Currently browsing: Max Taylor

Max and Amos: Enchantment and Magical Realism in Service to Freedom

Reviews of the permanent collection of the National Art Gallery of The Bahamas (NAGB) should always demand an examination of the works and aesthetics of two of the country’s outstanding and prolific indigenous artists, Amos Ferguson (1920-2009) and Maxwell Taylor, better known as “Max”. Ferguson has a particular call on prominence in this regard because it was the Bahamas Government’s purchase of twenty-five of his paintings in 1991 that launched the National Collection.

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March’s Artwork of the Month – Maxwell Taylor’s ‘Nassau Boy’ (1973)

‘Nassau Boy’ (1973) by Maxwell Taylor is a patterned, shifting mass of humanoid parts set against a lightly textured background, with a hint of houses and civilisation in the distance. This work is most certainly not what one expects of Taylor’s practice, but it is one of the more rebellious and unexpected pieces in the National Collection, a bit of a misfit, and our March Artwork of the Month.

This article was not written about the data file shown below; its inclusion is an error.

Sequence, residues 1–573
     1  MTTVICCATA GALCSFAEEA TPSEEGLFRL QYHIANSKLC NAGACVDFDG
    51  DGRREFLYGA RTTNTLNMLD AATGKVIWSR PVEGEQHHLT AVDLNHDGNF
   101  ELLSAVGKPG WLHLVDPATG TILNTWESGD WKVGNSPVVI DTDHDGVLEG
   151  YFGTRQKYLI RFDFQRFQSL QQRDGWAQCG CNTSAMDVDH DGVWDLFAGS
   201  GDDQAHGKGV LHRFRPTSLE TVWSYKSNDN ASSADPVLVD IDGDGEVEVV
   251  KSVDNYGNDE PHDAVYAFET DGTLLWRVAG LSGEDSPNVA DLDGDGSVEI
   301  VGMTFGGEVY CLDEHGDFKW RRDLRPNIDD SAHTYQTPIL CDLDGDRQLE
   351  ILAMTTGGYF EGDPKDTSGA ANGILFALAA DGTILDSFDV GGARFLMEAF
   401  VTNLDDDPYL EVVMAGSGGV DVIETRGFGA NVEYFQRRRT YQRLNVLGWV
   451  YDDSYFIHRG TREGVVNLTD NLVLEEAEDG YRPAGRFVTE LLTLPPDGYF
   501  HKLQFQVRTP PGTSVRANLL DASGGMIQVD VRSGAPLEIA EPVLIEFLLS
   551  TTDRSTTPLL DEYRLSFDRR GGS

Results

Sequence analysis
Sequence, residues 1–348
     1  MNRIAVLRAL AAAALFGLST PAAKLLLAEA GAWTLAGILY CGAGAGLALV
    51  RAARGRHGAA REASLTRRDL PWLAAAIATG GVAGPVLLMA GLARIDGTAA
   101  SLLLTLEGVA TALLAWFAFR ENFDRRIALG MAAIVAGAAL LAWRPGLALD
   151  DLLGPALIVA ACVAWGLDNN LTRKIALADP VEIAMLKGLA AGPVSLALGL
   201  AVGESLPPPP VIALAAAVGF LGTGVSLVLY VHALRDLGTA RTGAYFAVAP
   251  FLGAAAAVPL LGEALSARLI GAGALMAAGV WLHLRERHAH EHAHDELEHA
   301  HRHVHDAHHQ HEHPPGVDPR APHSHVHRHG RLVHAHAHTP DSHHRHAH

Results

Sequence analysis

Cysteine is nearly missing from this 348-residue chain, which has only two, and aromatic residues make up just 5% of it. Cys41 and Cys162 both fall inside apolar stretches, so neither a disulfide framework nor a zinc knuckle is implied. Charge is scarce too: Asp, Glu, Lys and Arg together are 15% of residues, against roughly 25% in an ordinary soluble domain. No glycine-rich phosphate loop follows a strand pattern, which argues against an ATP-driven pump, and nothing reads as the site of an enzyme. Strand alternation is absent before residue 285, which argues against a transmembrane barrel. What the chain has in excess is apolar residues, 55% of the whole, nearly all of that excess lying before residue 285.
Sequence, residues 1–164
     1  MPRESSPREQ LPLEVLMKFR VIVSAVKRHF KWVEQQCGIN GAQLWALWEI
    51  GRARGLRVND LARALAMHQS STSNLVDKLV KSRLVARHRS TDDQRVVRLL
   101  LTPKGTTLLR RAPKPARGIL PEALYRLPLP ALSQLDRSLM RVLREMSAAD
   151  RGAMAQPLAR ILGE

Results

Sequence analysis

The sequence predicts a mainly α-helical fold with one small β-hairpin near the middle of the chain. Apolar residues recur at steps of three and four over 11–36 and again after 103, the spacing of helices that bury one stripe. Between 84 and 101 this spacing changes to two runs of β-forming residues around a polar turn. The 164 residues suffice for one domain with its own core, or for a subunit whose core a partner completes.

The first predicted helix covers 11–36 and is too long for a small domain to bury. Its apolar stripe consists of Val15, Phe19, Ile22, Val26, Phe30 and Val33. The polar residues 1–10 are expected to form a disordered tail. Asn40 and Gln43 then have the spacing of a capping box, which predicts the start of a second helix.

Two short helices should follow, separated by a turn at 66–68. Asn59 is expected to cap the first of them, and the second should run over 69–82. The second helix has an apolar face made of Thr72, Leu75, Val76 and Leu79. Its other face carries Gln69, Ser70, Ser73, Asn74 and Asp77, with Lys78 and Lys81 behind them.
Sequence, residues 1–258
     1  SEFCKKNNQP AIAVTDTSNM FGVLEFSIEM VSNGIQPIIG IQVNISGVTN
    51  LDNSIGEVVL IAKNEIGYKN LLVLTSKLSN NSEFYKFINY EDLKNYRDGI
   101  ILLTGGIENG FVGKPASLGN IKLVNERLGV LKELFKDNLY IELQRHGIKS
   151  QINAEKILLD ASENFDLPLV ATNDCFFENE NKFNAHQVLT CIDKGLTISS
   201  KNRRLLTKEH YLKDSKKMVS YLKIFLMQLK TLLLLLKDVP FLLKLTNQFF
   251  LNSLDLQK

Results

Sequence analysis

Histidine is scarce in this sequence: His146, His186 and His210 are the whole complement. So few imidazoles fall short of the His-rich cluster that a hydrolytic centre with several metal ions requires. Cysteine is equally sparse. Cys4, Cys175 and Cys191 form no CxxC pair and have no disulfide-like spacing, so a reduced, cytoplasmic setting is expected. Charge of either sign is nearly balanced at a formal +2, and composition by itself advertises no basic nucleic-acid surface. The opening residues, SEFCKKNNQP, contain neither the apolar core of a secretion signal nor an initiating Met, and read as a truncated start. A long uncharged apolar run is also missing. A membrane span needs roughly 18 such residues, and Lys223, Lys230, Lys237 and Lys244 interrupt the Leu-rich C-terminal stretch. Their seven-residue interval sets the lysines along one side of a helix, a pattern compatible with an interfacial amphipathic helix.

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A familiar place Max Taylor’s renewed printmaking vigor

Few things are timeless enough that one would find something special about carving their images out to be immortalized. Max Taylor has made it his life’s work to find them and do just that. In an affirmation of Taylor’s passion and respect for the art form, the D’Aguilar Art Foundation (DAF) recently opened My Neighbourhood – an exhibition of Taylor’s newest prints. Starting out Taylor was born in Grant’s Town, and grew up in Nassau during the 40s and 50s.

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